Sutton Massachusetts

Town Churches
Baptist Preacher Elder Waters and his Distillery

These notes are from the History of Sutton, written in 1878

In Sutton, Ebenezer Waters, Esq. [born around 1709], was a prominent citizen and a land surveyor. He gave the bell to the old church. He lived on the Bullard Farm, West Sutton. A brother or relative was Elder Waters, a Baptist preacher, whose house was a short distance below where the Baptist meeting-house now stands, and upon the opposite side of the street. As Baptist ministers in these times did not receive salaries it was necessary that they should procure some secular occupation as the means of support. The "Elder", as he was called, was an enterprising man of business, a well known and highly respected citizen, and an earnest preacher in his denomination. The fact that this good citizen, and an earnest preacher in his denomination. The fact that this good Baptist Elder ran a distillery shows how different public sentiment then was as to the manufacture and use of intoxicating liquors from what it now is. He received the surplus cider of the farmers and converted it into what was called cider brandy, at one time extensively used as a beverage.

With many other good men, Deacon Bond made cider for the elder's distillery; on one occasion, after having discharged a load of cider, the deacon tarried for the purpose of a social chat with the elder. While watching the fire of the distillery, "Deacon," said the elder, "this business furnishes me with some very striking illustrations for my preaching. Here, while attending to the fire, I have time to think and study my discourses. When I want to impress on my hearers the awful subject of future punishment, this big fire which I keep continually burning affords the illustration of the fire of hell which is not quenched. The worm of the distillery reminds me of what Christ has said about the worm that never dies. And then the product, the spirit of the cider, represents the evil spirits by which men are tempted and in danger of being destroyed." And as the conversation went on, the deacon thought that the elder's study, with its fire and worm, and burning fluid, was quite a suggestive place for sermon making. Neither of these good men at that time entertained the slightest suspicion that the business in which they were engaged was not as justifiable as any other occupation.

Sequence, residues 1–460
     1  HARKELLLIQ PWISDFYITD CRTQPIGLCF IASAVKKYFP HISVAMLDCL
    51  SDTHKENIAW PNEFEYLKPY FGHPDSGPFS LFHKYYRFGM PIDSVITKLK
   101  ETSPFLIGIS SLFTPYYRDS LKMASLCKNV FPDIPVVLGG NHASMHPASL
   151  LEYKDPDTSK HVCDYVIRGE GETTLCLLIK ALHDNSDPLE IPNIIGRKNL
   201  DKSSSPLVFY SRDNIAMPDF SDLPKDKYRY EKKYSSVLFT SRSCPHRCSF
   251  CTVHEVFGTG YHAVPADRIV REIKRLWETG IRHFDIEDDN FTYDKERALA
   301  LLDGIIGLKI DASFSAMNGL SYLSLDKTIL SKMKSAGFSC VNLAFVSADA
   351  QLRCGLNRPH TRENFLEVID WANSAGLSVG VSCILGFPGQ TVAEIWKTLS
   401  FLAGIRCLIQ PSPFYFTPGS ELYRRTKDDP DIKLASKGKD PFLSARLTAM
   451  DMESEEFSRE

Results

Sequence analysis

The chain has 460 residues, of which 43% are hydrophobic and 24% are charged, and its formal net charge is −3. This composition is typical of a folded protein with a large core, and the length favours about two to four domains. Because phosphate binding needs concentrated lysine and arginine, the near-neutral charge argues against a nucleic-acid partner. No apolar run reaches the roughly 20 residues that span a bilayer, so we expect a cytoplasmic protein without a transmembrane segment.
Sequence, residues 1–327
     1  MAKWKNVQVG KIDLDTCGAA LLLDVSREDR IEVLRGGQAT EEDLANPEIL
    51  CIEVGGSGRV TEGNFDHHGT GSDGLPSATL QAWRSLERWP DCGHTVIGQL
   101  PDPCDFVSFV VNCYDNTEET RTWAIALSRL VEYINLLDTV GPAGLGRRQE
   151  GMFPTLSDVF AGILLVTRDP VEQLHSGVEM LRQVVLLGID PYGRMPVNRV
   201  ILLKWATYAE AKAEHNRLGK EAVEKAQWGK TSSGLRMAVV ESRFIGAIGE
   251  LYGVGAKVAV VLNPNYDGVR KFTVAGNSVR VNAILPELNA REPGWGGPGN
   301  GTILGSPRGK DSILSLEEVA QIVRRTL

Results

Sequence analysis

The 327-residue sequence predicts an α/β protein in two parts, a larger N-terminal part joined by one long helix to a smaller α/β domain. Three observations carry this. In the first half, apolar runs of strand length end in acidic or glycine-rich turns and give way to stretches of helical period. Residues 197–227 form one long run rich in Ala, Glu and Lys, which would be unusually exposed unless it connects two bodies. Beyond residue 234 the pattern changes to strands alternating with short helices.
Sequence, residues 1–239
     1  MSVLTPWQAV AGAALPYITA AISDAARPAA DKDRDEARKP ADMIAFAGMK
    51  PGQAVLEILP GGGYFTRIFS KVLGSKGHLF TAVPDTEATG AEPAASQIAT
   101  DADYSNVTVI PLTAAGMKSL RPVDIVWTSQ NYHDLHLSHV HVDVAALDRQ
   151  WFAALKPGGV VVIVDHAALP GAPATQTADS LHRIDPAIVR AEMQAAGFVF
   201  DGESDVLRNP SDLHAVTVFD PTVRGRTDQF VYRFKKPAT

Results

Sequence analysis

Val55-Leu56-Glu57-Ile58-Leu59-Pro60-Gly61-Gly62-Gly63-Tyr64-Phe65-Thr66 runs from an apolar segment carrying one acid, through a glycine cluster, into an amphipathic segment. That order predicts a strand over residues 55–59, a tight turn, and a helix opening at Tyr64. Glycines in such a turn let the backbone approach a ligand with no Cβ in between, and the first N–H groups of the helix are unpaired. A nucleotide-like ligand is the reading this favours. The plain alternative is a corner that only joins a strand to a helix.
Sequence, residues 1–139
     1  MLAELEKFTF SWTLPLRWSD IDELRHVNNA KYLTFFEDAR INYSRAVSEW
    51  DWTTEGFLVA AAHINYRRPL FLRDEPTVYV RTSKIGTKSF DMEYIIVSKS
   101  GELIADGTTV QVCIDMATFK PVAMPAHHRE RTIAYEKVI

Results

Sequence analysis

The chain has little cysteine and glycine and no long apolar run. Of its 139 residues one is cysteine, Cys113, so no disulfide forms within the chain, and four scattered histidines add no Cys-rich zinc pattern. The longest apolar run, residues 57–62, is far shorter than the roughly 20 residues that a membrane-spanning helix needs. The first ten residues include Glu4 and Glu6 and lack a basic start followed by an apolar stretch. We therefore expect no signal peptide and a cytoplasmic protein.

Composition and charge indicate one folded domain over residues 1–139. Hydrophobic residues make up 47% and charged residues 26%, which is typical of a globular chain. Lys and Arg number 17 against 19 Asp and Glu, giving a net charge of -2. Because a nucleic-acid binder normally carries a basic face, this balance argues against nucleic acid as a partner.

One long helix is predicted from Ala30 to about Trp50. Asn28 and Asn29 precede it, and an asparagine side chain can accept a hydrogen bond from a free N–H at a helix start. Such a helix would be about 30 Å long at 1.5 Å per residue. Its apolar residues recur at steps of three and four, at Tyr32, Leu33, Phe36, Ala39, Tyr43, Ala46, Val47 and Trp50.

If young men had dreamed dreams in those days, as one did on a time about "Deacon Giles's" notorious distillery, in which it was said a Bible depository was kept, some one might have immortalized Elder Water's distillery as a study in which sermons were made. He might have dreamed how the good man's exhortations and warnings for Sabbath services received point and force from the inspiration created by the grim fixutres and fiery work of this old cider-brandy mill.

The First Baptist Church, where he was pastor

Sutton Massachusetts Churches